Brightsurf Science News & Current Events

December 01, 2001
NASA taps JHU/APL team for first Pluto/Kuiper Belt mission
NASA has selected a team led by The Johns Hopkins University Applied Physics Laboratory and Southwest Research Institute to develop the first mission to explore Pluto and the Kuiper Belt region beyond the distant planet.

Georgetown studies find that delaying treatment of spinal cord injury may aid in recovery
Researchers at Georgetown University Medical Center have found that rats whose spinal cords had been severed recovered more fully when treatment was delayed until two to four weeks after the spinal cord injury.

Differences in brain usage among Braille readers shed new light on the relationship between thought and language
Individuals who have been blind from birth use different parts of their brain when reading Braille than those who lost their sight early in life ... a difference that sheds new light on the relationship between thought and language.

New research on safety of intracoronary delivery of adenovector reported in cover story of Molecular Therapy
Collateral Therapeutics, Inc. announced that preclinical in vitro and in vivo results reported in the December 2001 issue of Molecular Therapy showed that male reproductive cells (germ cells) were unaffected following intracoronary delivery of Collateral's adenovector (adenovirus serotype 5 - Ad5).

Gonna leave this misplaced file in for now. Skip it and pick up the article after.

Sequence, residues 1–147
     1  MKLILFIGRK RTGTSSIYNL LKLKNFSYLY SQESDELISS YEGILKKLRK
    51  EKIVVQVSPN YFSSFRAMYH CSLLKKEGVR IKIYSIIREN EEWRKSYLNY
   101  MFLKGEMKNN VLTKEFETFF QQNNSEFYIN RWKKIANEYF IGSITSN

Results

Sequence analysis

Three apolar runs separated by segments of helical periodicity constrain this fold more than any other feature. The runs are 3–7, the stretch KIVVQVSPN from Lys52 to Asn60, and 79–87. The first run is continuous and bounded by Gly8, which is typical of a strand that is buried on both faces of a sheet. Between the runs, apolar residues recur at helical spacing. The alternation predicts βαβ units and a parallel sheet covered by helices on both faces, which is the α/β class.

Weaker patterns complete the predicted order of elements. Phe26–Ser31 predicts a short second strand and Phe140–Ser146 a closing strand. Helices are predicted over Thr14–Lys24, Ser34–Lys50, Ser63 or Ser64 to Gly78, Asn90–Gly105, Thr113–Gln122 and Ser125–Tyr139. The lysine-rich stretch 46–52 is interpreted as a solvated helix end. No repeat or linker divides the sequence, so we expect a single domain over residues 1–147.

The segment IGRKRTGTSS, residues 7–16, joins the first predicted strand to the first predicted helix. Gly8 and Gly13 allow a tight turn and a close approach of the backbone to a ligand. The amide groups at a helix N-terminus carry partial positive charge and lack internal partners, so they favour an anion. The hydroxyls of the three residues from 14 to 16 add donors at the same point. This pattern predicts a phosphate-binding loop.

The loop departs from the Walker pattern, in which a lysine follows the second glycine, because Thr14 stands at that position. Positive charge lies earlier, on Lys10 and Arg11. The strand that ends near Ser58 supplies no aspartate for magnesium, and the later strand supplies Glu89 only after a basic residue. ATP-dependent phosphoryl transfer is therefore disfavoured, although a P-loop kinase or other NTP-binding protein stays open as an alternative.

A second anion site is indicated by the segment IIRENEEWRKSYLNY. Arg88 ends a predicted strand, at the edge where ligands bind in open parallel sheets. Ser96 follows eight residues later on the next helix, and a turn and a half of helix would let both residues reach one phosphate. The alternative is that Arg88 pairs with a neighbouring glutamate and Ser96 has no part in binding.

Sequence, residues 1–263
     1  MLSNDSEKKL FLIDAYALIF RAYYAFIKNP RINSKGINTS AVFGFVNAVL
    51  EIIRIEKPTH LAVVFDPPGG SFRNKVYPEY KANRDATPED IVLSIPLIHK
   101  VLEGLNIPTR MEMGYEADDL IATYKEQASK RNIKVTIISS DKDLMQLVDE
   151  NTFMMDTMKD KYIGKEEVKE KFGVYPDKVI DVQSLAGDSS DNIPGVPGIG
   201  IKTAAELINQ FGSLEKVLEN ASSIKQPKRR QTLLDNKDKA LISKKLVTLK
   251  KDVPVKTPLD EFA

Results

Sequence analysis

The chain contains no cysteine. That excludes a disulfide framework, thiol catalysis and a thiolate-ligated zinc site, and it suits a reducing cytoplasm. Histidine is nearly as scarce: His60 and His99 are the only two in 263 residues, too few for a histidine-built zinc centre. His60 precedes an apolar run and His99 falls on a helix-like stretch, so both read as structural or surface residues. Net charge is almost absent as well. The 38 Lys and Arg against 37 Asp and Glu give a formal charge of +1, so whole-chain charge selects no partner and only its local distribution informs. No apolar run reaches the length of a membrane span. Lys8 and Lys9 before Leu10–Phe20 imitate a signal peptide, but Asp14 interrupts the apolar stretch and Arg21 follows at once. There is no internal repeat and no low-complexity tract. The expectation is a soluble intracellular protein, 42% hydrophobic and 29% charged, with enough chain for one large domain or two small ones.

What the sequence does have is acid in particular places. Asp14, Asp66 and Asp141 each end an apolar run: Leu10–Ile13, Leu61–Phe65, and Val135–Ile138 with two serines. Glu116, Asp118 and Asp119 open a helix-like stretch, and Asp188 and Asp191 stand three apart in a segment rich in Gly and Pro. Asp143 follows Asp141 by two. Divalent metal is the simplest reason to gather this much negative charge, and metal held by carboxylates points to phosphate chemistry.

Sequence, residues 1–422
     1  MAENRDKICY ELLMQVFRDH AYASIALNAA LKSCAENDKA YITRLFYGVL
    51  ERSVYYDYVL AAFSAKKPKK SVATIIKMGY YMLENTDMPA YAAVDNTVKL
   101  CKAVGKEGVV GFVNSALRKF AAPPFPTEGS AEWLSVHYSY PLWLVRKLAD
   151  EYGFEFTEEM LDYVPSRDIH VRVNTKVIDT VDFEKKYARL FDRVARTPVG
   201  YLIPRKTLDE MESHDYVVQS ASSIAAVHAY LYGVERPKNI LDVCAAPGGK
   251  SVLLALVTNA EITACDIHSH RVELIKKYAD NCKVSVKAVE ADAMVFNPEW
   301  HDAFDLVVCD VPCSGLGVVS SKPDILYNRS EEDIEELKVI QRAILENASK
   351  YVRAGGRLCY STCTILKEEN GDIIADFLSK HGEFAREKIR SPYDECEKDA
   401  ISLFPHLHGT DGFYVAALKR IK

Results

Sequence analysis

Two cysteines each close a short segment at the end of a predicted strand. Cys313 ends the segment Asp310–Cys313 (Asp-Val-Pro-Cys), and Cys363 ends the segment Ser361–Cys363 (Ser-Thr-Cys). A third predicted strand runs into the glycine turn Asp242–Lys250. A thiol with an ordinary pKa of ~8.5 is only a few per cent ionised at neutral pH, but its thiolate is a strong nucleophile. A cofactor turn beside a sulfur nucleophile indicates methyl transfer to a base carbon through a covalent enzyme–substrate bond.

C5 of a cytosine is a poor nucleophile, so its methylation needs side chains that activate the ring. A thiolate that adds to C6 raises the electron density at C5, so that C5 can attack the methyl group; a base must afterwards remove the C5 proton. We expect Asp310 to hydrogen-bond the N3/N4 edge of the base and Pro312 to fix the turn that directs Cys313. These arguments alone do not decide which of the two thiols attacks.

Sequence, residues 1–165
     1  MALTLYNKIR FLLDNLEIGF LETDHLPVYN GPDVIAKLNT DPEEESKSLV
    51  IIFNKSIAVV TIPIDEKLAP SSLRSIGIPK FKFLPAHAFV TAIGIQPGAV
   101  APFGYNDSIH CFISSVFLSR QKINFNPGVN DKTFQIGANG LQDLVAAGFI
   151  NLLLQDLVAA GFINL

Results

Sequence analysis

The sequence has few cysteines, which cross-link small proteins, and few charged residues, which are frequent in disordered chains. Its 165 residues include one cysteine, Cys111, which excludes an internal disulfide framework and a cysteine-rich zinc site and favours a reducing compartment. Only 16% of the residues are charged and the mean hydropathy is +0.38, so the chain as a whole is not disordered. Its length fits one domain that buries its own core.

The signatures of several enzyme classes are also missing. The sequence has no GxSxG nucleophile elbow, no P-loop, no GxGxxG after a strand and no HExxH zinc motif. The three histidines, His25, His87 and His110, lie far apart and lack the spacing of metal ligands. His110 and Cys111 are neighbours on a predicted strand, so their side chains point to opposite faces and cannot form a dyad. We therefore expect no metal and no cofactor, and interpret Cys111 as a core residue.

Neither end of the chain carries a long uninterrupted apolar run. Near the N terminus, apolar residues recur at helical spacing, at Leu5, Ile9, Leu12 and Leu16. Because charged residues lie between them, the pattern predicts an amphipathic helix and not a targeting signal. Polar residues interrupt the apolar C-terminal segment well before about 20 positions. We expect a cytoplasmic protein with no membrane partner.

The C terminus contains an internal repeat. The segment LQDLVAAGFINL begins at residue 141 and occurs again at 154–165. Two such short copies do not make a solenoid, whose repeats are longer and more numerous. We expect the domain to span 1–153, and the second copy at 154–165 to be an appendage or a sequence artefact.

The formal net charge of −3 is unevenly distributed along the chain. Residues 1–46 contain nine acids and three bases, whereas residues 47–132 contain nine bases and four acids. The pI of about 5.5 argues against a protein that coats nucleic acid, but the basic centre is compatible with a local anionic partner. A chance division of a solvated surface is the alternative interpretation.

Landmark study uncovers reasons behind recurring back injury
In the first study of its kind, researchers here believe they've found an important factor in recurring back injury: our natural tendency to avoid using hurt muscles.

Imaging studies expand understanding of how methamphetamine affects the human brain
Two recently published studies about methamphetamine offer additional insights about the actions of this drug in the brain.

Psychological barriers prevent some mentally ill from seeking help
More than 60 percent of individuals with serious mental illness may not be receiving treatment, and contrary to previous research, the rural mentally ill are more likely to get treatment than their urban counterparts, according to a new study.

Brain shows ability to recover from some methamphetamine damage
A new brain-imaging study at the U.S. Department of Energy's Brookhaven National Laboratory indicates that some of the damage caused by methamphetamine -- a drug abused by ever-increasing numbers of Americans -- can be reversed by prolonged abstinence from the drug.

Methamphetamine delivers 'one-two' punch to the brain
A new brain-imaging study at the U.S. Department of Energy's Brookhaven National Laboratory reveals that, compared with people who don't use drugs, people who abuse methamphetamine have fewer receptors for dopamine, a brain chemical associated with feelings of reward and pleasure.

Delayed treatment of spinal cord injury may improve recovery
Rats given an experimental therapy several weeks after their spinal cords were severed showed dramatically greater regrowth of nerve fibers and recovery of function than rats treated immediately after injury, a new study shows.
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